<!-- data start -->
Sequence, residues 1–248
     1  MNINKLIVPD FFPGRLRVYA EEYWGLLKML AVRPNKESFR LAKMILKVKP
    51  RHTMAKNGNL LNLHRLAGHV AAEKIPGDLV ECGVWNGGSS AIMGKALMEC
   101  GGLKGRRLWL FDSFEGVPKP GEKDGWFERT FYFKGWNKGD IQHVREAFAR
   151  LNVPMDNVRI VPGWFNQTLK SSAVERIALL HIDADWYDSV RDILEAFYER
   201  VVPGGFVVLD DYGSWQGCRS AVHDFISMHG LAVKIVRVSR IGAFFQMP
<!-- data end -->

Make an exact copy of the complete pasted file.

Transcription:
Sequence, residues 1–248
     1  MNINKLIVPD FFPGRLRVYA EEYWGLLKML AVRPNKESFR LAKMILKVKP
    51  RHTMAKNGNL LNLHRLAGHV AAEKIPGDLV ECGVWNGGSS AIMGKALMEC
   101  GGLKGRRLWL FDSFEGVPKP GEKDGWFERT FYFKGWNKGD IQHVREAFAR
   151  LNVPMDNVRI VPGWFNQTLK SSAVERIALL HIDADWYDSV RDILEAFYER
   201  VVPGGFVVLD DYGSWQGCRS AVHDFISMHG LAVKIVRVSR IGAFFQMP